Pantomime in Doha

The Doha Players present Puss in Boots, their annual pantomime

Pantomime in Doha
Pantomime in Doha Image #2

It just wouldn’t be winter in Doha without a dude in a dress.

‘A traditional English pantomime is a play for children. It is generally based on a traditional fairytale. And whilst it follows that plot, it goes off on all sorts of tangents that weren’t in the original story. It has stock characters, for example the leading lady is always played by a guy. And everybody on stage treats the dame as if she’s a women. Everybody in the audience understands that it’s a bloke in a frock,’ says Paul Cooper, who plays one of the miller’s sons in the Doha Players production of Puss in Boots. A pantomime veteran in both the audience and onstage, he certainly knows of what he speaks.

‘The principal boy, the romantic male lead, is always a hot babe in tights. And everybody on stage acts as if the principal boy is a boy,’ he explains. ‘Make no mistake, as an audience member, you are not fooled, not for an instance. It’s a bloke in a frock. And that’s part of the humor.’

That’s all part of the fun. Pantomime started as a traditional English endeavor, typically taking the stage around Christmas time. It’s roots are long, a giddy romp through Italian comedia dell’arte, French harlequins, and medieval mummers plays, with guys in frocks and multiple people shoved into horse costumes almost right from the beginning. The first pantomime story with a direct line to what you can still see on stages around the world (or at least wherever the British have been) hit the stage in all its singsong glory in 1773 in a production of Jack the Giant Killer in London’s Drury Lane.

‘You just get to immerse yourself in something that’s totally silly. And you know it’s for children, so you really get to get in touch with your childish playful side, and who doesn’t need that?’ says Raelene Dufresne, who plays Puss. Originally from Halifax, Canada, this is one of her first forays into the art of pantomime. ‘I play the talking magical clever cat. Standing up on two legs, not on all four. And wearing boots, in a dress. They’re my own boots that I bought so I hope they’re nice boots!’

If they’re not, the audience is sure to tell her. That’s another hallmark of the pantomime: the fourth wall is torn down, and the audience is meant to get in on the action.

‘You should not be quiet!’ says Peter Phillips, the director. ‘A scene that’s typical of it, where we have the oldest henchman that comes with this fishing net, and he’s going to capture the princess. But he sneaks in at the back of the stage and all the audience will erupt with “he’s behind you! He’s behind you!” and he’ll look over one shoulder and they’ll quickly disappear to the other side of the stage.’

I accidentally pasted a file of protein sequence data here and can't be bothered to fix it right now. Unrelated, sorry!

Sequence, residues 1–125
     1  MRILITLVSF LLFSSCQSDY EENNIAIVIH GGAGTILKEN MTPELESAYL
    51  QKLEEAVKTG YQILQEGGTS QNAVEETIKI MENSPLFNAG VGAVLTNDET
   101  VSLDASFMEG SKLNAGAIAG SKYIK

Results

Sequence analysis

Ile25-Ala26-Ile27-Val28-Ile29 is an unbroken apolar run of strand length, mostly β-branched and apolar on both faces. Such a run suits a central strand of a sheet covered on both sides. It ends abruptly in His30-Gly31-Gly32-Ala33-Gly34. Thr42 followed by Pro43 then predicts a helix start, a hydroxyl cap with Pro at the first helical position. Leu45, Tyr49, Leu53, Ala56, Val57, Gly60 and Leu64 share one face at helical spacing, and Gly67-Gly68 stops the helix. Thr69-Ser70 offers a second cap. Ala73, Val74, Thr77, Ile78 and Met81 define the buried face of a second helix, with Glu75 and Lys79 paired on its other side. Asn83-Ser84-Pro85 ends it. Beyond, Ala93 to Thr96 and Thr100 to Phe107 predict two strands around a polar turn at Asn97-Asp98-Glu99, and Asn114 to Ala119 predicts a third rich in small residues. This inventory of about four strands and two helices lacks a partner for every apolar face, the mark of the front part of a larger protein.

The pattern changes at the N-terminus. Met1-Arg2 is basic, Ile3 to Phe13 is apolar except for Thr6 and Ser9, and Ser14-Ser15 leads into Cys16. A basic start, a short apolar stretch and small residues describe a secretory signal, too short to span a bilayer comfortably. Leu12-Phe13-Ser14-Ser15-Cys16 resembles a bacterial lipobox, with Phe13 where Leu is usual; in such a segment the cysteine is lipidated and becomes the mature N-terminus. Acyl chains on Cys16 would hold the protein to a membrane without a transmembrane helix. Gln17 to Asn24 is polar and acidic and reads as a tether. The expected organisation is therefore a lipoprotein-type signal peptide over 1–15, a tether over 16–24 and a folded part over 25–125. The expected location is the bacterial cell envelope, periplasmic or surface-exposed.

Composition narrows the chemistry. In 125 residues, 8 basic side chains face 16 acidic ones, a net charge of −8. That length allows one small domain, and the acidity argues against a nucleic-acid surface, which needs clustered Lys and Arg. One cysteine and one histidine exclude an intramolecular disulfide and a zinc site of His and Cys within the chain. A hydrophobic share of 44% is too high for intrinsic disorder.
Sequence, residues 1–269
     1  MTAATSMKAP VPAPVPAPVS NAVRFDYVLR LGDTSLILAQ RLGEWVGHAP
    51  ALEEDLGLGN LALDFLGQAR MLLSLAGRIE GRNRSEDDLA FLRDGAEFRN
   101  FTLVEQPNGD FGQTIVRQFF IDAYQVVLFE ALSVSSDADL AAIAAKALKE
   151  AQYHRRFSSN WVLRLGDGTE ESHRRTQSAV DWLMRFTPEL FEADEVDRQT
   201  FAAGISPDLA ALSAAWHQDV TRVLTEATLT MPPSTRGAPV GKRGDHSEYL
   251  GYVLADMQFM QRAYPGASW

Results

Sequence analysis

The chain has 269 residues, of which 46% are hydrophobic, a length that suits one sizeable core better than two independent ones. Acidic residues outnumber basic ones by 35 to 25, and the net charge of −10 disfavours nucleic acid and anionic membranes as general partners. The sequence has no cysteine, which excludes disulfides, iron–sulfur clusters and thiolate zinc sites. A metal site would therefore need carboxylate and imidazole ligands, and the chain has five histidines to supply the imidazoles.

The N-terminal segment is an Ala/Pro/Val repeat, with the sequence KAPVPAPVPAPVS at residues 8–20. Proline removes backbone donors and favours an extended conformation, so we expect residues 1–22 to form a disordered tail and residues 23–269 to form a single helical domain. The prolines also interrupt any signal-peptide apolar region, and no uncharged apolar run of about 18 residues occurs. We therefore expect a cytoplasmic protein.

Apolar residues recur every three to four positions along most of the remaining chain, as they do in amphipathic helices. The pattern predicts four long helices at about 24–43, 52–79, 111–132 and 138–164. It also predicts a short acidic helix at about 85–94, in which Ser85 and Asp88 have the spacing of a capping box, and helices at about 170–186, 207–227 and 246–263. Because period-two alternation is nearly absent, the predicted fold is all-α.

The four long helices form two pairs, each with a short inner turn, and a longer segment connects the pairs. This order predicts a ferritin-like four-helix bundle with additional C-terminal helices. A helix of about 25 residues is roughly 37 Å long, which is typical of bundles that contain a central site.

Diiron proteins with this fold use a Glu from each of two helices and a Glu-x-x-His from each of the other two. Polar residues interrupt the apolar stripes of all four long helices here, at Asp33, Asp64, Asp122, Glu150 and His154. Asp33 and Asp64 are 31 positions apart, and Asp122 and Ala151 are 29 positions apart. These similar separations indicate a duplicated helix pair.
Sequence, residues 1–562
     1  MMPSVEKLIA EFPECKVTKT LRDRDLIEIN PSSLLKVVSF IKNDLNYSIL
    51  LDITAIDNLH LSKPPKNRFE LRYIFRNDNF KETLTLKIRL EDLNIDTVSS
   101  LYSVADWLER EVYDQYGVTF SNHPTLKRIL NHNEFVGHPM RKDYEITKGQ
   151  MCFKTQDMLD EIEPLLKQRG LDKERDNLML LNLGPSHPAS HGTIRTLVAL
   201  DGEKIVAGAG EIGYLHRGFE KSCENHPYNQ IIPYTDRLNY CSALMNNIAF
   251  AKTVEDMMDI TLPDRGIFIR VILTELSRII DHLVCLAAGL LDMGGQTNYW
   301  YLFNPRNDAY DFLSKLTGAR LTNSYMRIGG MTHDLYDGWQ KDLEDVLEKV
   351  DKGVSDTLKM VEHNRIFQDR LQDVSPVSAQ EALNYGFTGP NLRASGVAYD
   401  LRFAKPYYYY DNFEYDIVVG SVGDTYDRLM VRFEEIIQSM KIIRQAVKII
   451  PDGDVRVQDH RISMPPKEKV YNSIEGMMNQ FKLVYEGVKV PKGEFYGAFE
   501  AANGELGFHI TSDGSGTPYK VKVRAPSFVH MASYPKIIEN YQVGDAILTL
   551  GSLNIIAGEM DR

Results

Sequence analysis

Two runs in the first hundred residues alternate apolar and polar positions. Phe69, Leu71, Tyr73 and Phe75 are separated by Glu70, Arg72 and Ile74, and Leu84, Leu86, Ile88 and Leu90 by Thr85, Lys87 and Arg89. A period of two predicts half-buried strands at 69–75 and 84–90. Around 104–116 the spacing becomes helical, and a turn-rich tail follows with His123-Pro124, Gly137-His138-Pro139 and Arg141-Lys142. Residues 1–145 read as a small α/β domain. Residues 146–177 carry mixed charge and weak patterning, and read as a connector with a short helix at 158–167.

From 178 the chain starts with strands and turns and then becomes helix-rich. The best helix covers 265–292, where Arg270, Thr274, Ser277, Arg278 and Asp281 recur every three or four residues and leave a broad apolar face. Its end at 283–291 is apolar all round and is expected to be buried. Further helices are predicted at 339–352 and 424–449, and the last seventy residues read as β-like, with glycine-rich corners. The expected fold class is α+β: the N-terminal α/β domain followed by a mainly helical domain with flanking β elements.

‘If you’re going to be Captain Sensible leave sensible at the door, and you pick it up on your way out. You have a great time if you sit in the audience screaming “he’s behind you!”’ agrees Cooper. ‘Feel free to do what the people on stage ask you to do. If they ask you to shout out, shout out. If they ask you to contradict, contradict. Like “oh no you won’t!” “Oh yes I will!” “Oh no you won’t!,” and the audience will actually join in with that. And near the end there’s actually a song that everyone can join in, we get some of the children up on stage to join in on the song. It’s a musical, did we mention it’s a musical?’

On top of the brightly-coloured garb, that’s one of the many reasons kids are so entranced by it. Cast members say that they’ve noticed pantomimes-past have had the ability to suck even the most jaded and worldly tot away from their TVs, computers and Xboxes.

‘You’ll find the villain will threaten the audience with extra brussel sprouts or something and the audience is then encouraged to hiss and boo the villain every time he appears. And of course he rubs his hands and cackles in an evil way. You’re in no uncertain terms, this is the bad guy,’ says Cooper. ‘It’s a basic story, milks it for all the laughs you can get out of it. It’s full of corny jokes, wordplay, slapstick, stock characters that you can easily identify.’

But just because there may be a bit with a song and references to evil vegetables doesn’t mean mum and dad are going to be stuck in some sort of toddler purgatory for the duration.

‘The lines are deliberately made so that they’re played to the children, but quite a lot of it goes straight over their heads because it’s double entendres,’ says Phillips.

‘It’s good wholesome family entertainment,’ says Cooper. ‘It’s very light. There’s some music, there’s drama, there’s romance, there’s villains to boo, there’s heroes to cheer. And there’s a guy in a frock.’
The Doha Players production of Puss in Boots takes the stage Jan 25-26 at 7pm, Jan 27 at 2pm and 6.30pm, and Jan 28 at 2pm at the Doha Montessori British School. Tickets are Q60, available at THE One. For more information, call 4447 4911, 5575 5102 or email

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